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The non-profit group that has been publishing photos and video of the FSO Nabarima with a heavy list off the coast of Venezuela said they have been misled by Venezuelan sources as to the status of the vessel, further stoking concerns about the vessel’s condition.
The FSO Nabarima, a floating storage and offloading vessel, is currently anchored in the Gulf of Paria between Venezuela and Trinidad and Tobago and reportedly contains 1.3 million barrels of crude oil. To put that in perspective, that’s about 55 million gallons of crude.
Photos published last Friday by the Trinidad and Tobago-based non-governmental environmental group Fishermen and Friends of the Sea (FFOS) showed the vessel with a heavy list to starboard, raising serious concerns regarding its condition.
A Reuters report from Friday, however, citing an anonymous Venezuelan official with knowledge of the matter, said the list was due to repair work that was being conducted on the vessel’s valves.
While this could be the case, FFOS warns not to trust “blatant and repeated lies” from the Venezuelan government.
A statement earlier Monday from FFOS indicated that, based on sources in Venezuela, that the FSO Nabarima had been temporarily stabilized after water was pumped out of the vessel’s ballast tanks, thereby reducing the list.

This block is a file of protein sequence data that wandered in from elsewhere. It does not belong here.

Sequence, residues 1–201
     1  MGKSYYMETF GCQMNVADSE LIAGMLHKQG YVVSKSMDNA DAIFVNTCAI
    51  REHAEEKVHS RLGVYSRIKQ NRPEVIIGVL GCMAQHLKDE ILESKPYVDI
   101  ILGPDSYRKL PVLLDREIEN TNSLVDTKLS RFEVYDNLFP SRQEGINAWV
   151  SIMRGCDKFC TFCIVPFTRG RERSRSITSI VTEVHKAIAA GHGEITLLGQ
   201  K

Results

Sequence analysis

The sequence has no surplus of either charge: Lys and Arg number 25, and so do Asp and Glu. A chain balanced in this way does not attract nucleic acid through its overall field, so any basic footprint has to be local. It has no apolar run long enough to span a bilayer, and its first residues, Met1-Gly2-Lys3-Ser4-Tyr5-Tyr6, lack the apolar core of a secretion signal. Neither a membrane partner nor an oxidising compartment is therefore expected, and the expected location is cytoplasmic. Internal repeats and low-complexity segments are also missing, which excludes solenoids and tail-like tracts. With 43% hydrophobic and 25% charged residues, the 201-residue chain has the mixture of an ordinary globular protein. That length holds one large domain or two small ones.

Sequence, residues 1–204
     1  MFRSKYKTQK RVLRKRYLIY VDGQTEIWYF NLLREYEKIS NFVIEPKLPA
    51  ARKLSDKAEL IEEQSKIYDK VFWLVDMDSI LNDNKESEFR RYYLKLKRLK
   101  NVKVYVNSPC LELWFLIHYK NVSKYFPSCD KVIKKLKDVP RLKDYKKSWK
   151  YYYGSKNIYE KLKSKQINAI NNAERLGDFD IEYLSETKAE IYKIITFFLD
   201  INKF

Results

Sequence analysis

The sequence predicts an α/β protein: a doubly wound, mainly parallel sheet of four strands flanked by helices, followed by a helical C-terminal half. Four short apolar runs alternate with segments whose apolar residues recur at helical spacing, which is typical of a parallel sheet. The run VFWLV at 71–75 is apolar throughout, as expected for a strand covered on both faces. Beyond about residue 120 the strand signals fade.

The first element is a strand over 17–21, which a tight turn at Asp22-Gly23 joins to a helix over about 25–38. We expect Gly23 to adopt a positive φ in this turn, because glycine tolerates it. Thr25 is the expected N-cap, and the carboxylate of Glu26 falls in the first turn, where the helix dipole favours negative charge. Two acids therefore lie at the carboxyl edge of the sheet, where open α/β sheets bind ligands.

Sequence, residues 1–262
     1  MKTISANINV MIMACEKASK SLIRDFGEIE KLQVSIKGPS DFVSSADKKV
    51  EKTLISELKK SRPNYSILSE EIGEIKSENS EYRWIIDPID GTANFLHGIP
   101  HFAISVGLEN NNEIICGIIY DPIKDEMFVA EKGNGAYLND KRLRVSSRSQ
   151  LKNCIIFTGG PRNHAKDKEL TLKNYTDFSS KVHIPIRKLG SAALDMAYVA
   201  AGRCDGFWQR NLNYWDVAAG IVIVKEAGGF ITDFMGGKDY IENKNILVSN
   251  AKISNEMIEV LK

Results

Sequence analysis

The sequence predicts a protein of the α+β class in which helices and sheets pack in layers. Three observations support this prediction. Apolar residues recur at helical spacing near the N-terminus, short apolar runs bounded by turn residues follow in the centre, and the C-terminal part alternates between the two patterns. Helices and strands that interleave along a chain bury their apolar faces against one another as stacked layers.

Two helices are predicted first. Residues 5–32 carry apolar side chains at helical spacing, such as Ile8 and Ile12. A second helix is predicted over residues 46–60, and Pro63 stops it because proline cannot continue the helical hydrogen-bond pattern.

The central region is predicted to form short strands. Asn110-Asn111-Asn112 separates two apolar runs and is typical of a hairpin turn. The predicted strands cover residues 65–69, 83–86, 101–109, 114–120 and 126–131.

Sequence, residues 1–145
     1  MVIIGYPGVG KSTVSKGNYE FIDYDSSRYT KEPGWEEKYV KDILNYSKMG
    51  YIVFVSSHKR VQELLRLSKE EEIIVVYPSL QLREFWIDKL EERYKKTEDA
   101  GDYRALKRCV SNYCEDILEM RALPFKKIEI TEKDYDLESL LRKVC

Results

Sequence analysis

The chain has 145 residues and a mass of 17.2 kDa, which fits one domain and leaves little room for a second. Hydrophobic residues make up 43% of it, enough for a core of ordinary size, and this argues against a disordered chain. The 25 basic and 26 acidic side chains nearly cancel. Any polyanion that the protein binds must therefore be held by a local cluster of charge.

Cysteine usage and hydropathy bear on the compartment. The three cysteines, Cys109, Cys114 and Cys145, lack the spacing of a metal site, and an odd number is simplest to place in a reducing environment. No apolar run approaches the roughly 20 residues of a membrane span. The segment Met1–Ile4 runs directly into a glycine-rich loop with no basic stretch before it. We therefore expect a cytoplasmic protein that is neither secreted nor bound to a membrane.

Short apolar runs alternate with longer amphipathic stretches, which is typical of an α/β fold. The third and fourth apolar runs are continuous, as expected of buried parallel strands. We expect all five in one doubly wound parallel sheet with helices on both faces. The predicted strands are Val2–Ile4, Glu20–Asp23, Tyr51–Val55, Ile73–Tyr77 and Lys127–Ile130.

An update from the group, however, retracted this statement after, according to FFSO, it was determined that photos shared with the group by Venezuelan sources, which showed the vessel with a more even keel, apparently may have not been current.
The “propaganda,” as FFOS called it, raises more questions than it answers regarding the vessel’s status.
“In the photographs taken by ourselves on the 16th of October there is a huge rust spot on the port side of the vessel’s hull , which is not evident on the pictures sent to us by our Venezuelan contact [on October 19],” the update said.
“As such, it is our respectful view that the pictures sent to us today were taken at a far earlier date,” the update said.
gCaptain is unable to independently verify the images, the condition of the vessel, or whether or not the list was the result of valve repair work onboard the facility.
The FSO Nabarima, which is controlled by Venezuelan state oil company PDVSA with Italy’s Eni as a minority stakeholder, has been idled since early 2019 due U.S. sanctions on PDVSA as part of the Trump Administration’s pressure campaign on the Venezuelan government under President Nicolas Maduro. It’s these circumstances that have also made it difficult to offload crude from the vessel.
“These allegedly fake photos are misleading and point to a greater risk that the Maduro regime are determined to cover this up and deceive fearful stakeholders on the truth,” Fishermen and Friends of the Sea said in today’s update.
“FFOS urgently await our Governments ‘expert’ report and urge the Institute of Marine Affairs, who will be on this excursion to perform a fingerprint analysis on the oil, so that in the event of a spill, we would know whether the oil came from the FSO Nabarima. We also urge our Minister of Foreign Affairs to consider the placement of someone with expertise in ship maintenance and repair onto this team of experts to ensure that a proper understanding of the vessel’s state is obtained and possible permanent solutions are advised,” it added.
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